Soldiers in Aceh jailed for owning rare animals
The Banda Aceh Military Court in Aceh sentenced on Thursday two Indonesian Military (TNI) soldiers from Central Aceh for the possession of protected animals, which had been killed and stuffed for decoration. They were found guilty of violating Article 40 of Law No. 5/1990 on wildlife protection.
Defendant Sgt. Maj. Joko Rianto was sentenced to two months in jail and fined Rp 5 million (US$454) for keeping a stuffed Sumatran tiger, which is an endangered animal.
His fellow defendant, Chief Pvt. Rawali, was handed a heavier sentence of three months in prison and a fine of Rp 2.5 million for possessing a stuffed Sumatran tiger and a bear. Rawali received a heavier punishment than Joko as he had once been convicted for instigating a riot in his unit.
During the open hearing, military prosecutors produced evidence in the form of the two stuffed tigers and bear.
“We obtained the evidence from the homes of the defendants. The stuffed animals were seized by military police personnel during a raid of their residences,” said presiding judge Let. Col. Budi Purnomo on Thursday.
According to Budi, the military tribunal conducted to try an environmental crime committed by military personnel was the first of its kind in Aceh and it was expected to serve as a lesson to the convicted soldiers and any others tempted to do the same thing.
“As citizens, military personnel are obligated to preserve and protect the environment by not rearing or keeping endangered and/or protected animals in any form, whether alive or dead,” Budi said.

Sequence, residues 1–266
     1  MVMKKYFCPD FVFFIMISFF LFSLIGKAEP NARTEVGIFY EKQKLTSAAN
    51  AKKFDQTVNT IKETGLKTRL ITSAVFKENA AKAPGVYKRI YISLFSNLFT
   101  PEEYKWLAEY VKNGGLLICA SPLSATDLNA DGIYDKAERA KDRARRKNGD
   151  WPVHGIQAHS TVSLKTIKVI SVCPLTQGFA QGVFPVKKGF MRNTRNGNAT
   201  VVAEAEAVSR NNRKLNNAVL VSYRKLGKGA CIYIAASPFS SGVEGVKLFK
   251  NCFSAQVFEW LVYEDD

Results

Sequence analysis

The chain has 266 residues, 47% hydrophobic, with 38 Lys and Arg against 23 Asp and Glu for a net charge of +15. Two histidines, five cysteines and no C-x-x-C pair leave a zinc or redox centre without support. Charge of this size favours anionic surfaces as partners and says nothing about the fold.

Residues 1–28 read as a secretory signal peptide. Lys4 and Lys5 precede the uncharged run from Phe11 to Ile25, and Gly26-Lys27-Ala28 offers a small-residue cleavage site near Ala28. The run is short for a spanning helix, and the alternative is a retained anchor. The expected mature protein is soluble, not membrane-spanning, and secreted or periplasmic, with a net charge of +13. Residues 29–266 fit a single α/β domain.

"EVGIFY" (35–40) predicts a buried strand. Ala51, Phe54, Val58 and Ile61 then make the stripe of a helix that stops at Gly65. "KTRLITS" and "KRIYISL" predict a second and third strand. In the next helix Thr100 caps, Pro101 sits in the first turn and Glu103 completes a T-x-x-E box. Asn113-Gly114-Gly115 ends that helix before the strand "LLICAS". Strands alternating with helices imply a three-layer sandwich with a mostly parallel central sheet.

The two stuffed tigers and the stuffed bear were seized by the military court and later handed over to the Aceh Natural Resources Conservation Agency.
“These specimens are rare and may be used as educational exhibits for the future generation,” he said.
Separately, conservationist Retno Sagito expressed his deep appreciation to the Aceh Military Court for being willing to handle a crime against the environment committed by TNI personnel.
“This is a very good step and provides a fine example for other military courts in Indonesia concerned with and committed to environmental protection,” Retno said.
She added that it was commonplace for members of the TNI to keep pets in the form of protected animals, such as tigers and bears. But, she went on, this was primarily due to the fact that such cases, concerning the ownership of protected animals, had rarely if ever been prosecuted and were virtually untouched by the law.
“We hope that this case will make military personnel, and everyone else, think twice before seeking to own wild and endangered animals,” Retno concluded.